AAS 200th meeting, Albuquerque, NM, June 2002
Session 30. Mining the Sky in Real Time
Special Session Oral, Monday, June 3, 2002, 2:00-3:30pm, La Cienega

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[30.03] The Deep Lens Survey Transient Program

A.C. Becker (Bell Labs, Lucent Technologies)

This talk will present methods and results from the Deep Lens Survey (DLS) transient program. The DLS core science objectives require repeated visits to the same part of the sky to accumulate weak lensing shear signal. The detection of this effect requires a deep combination of these images, thus suppressing variability information. In our transient detection mode, we instead difference these images from each other, on the mountain top and in real-time, immediately revealing new and unknown optical transients.

We define our observing strategy to allow detection of transients on minute, day, month and year timescales. Using the NOAO 4-m telescopes, we are sensitive to transients between 15th and 25th mag. We distribute candidate supernovae to the Central Bureau for Astronomical Telegrams (CBAT), and moving objects to the Minor Planet Center (MPC). Time-critical events are also submitted to the Variable Star Network (VSNET) and the GRB Coordinates Network (GCN). All transients are immediately posted on the web at http://dls.bell-labs.com/transients.html. We plan on using the DLS techniques, and lessons learned, to develop and optimize operation of the LSST transient pipeline and distribution of data on transient objects. The LSST will cover over 10,000 square degrees of the sky, detecting and monitoring transients down to 24th mag on 20 sec timescales. On longer timescales, the LSST will be sensitive to known types of optical transients out to redshifts of about 5.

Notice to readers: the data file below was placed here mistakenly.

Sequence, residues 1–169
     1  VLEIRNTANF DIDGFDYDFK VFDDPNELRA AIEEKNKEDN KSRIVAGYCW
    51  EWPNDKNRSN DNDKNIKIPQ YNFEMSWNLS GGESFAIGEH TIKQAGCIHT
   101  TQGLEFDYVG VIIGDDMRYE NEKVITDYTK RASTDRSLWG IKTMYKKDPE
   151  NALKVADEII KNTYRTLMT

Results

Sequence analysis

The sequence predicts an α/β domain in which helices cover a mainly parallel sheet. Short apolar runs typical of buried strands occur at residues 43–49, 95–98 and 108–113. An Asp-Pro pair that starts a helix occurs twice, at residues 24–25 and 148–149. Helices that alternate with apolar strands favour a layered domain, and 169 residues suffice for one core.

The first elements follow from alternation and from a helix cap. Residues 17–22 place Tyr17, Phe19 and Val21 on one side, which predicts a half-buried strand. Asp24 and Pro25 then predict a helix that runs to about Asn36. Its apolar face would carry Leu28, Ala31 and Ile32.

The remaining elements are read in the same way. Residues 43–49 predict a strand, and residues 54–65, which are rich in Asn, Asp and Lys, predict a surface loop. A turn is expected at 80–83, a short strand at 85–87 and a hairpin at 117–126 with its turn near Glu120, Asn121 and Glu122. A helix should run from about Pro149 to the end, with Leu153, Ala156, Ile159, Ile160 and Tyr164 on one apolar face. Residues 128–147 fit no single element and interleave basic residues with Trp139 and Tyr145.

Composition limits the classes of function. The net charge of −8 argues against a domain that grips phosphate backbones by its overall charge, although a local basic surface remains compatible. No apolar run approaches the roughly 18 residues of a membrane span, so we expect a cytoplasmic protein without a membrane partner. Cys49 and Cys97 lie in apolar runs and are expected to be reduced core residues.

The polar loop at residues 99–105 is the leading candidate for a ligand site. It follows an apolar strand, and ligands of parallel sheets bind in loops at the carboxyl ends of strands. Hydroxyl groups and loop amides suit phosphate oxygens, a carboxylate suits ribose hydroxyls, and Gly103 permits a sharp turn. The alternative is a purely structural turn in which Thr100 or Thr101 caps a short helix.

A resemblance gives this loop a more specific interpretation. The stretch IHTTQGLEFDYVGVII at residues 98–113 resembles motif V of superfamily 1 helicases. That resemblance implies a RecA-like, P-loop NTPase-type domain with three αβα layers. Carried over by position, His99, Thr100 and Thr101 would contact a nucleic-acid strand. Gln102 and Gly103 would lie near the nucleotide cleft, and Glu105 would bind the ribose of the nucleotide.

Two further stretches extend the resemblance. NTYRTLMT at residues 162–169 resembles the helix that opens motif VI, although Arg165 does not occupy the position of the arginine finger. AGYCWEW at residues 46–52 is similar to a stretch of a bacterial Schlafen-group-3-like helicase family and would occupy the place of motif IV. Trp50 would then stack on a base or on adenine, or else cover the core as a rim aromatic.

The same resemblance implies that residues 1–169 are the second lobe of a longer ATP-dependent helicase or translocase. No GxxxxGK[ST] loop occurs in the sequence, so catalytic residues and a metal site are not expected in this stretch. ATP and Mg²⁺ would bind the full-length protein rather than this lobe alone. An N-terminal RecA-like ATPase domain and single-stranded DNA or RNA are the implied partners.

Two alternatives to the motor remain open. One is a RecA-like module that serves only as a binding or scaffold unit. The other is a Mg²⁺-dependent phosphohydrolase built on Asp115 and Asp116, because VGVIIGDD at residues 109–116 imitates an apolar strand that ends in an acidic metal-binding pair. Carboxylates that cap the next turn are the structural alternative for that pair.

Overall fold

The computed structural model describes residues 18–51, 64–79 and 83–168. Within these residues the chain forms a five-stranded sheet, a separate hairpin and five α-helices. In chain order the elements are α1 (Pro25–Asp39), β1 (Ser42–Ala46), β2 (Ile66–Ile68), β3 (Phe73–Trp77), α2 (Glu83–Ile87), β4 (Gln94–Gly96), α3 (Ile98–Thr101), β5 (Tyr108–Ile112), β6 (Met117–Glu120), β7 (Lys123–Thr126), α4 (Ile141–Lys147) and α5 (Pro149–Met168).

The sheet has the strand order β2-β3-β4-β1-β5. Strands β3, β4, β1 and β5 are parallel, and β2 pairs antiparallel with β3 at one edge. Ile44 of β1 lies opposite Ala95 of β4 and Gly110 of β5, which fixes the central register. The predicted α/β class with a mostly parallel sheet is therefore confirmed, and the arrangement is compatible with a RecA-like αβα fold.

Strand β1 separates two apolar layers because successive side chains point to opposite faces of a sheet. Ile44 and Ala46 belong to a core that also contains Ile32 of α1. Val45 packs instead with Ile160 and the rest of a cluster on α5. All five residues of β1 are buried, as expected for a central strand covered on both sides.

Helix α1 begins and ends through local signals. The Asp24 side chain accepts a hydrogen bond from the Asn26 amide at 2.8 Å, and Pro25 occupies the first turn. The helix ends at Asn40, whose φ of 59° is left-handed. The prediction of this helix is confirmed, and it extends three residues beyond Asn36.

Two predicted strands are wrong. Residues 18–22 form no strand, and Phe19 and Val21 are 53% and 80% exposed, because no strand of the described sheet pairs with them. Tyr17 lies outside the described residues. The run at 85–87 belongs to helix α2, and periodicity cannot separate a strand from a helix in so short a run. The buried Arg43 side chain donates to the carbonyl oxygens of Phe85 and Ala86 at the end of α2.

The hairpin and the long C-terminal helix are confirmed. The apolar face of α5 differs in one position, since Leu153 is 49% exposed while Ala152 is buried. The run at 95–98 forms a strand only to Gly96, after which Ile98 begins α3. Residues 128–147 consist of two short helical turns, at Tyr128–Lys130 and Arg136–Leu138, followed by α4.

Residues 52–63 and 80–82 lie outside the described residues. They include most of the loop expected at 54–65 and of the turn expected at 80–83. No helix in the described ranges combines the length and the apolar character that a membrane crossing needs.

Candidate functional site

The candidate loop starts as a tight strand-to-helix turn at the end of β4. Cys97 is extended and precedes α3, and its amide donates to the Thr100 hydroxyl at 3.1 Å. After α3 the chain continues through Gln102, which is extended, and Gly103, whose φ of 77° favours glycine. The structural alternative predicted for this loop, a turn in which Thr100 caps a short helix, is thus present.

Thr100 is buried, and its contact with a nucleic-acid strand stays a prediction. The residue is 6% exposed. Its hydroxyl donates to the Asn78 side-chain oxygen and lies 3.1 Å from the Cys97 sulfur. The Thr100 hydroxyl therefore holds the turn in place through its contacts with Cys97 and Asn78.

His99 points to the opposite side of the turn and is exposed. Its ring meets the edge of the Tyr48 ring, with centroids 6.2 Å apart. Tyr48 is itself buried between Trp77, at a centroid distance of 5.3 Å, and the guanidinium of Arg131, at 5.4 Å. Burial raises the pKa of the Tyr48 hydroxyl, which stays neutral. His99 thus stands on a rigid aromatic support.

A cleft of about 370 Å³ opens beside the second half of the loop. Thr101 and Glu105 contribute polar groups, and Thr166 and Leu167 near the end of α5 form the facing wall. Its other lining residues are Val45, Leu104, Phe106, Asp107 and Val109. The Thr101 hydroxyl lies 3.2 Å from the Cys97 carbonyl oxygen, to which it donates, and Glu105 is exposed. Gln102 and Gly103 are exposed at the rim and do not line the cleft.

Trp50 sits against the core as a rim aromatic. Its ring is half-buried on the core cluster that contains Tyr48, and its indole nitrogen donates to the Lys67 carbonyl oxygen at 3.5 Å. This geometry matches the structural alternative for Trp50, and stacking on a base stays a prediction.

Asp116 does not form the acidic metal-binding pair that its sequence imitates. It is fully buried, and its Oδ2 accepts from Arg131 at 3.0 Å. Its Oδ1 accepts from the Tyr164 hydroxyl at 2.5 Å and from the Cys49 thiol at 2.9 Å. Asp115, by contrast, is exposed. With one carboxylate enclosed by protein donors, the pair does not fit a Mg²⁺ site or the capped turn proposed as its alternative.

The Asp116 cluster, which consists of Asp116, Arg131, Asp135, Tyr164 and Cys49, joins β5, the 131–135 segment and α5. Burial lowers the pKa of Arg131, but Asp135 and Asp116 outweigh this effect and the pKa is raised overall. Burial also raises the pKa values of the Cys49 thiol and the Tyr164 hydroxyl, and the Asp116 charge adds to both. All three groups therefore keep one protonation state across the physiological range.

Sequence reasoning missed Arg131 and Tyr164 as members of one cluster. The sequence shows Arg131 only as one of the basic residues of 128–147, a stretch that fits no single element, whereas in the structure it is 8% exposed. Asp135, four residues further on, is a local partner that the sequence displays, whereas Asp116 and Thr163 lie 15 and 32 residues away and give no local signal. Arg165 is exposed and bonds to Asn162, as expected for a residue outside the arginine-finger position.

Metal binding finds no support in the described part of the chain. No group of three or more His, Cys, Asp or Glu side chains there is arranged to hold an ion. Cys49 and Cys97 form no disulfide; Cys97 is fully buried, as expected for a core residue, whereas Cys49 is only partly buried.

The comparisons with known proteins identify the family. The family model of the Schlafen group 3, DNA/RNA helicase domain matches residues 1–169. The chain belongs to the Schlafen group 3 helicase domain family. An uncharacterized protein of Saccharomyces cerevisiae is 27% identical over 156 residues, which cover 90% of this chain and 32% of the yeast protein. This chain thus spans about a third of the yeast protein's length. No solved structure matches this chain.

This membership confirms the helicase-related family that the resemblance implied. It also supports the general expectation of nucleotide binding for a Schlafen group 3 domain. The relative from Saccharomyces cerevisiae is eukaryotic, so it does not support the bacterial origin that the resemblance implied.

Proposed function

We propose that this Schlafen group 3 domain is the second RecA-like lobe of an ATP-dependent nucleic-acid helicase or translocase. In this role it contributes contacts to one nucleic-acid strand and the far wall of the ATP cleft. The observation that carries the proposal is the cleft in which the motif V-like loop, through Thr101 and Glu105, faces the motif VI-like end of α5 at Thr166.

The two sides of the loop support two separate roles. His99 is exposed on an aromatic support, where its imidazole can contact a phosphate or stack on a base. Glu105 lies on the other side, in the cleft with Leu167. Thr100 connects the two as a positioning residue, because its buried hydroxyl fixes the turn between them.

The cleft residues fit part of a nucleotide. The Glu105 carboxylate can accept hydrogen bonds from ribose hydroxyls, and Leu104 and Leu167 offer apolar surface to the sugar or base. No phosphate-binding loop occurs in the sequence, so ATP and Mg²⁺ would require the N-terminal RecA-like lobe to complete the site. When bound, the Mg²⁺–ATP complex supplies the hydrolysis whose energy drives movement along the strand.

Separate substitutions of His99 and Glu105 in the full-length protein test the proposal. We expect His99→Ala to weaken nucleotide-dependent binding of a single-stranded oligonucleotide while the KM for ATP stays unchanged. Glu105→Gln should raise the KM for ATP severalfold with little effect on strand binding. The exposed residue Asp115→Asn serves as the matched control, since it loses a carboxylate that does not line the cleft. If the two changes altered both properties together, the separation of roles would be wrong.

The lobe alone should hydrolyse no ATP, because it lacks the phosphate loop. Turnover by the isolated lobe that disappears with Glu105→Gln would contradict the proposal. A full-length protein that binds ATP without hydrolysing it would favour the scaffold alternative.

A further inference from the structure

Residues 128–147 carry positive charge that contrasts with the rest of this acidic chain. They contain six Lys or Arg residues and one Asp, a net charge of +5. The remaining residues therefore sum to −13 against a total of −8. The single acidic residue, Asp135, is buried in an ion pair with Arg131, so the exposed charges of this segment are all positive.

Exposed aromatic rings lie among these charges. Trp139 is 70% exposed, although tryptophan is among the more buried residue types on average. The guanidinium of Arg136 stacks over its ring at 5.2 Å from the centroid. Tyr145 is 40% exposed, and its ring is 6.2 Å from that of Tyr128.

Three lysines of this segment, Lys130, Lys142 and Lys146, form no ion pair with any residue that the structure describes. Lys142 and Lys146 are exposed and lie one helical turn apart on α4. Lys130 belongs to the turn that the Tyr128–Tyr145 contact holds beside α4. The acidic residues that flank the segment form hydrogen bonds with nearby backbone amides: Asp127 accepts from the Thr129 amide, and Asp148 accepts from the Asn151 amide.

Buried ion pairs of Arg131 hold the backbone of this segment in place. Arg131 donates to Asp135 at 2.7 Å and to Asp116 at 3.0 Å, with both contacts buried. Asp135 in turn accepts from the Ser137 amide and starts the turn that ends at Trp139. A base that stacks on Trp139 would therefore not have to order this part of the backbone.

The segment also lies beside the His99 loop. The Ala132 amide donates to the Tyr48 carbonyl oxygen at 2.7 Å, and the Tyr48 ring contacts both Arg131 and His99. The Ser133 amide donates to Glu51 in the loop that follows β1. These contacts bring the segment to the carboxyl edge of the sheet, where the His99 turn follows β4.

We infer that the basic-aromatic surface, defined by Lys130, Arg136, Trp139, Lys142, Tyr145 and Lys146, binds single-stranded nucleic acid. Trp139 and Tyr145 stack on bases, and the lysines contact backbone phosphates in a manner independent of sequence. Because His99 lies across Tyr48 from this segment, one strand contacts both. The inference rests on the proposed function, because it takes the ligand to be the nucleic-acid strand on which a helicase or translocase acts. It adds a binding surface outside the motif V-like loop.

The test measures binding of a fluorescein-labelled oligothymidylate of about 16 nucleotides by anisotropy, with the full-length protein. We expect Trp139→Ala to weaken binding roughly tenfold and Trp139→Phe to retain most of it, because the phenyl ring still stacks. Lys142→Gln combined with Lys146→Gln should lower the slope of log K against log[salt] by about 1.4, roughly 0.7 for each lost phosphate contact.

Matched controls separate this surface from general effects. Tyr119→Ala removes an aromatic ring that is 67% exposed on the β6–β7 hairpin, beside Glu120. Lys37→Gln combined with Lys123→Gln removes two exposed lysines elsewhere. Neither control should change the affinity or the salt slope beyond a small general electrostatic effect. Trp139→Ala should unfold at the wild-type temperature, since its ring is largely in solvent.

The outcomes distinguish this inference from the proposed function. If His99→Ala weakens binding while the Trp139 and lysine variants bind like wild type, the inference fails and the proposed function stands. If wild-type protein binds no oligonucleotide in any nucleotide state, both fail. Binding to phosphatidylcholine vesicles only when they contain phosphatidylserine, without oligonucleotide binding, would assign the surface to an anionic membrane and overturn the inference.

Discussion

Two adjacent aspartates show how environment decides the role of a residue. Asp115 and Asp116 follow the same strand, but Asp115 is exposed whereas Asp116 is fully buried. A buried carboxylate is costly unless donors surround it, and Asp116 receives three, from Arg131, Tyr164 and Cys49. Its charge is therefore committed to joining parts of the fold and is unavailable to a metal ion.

If you would like more information about this abstract, please follow the link to http://dls.bell-labs.com/transients.html. This link was provided by the author. When you follow it, you will leave the Web site for this meeting; to return, you should use the Back comand on your browser.

The author(s) of this abstract have provided an email address for comments about the abstract: acbecker@physics.bell-labs.com

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Bulletin of the American Astronomical Society, 34
© 2002. The American Astronomical Soceity.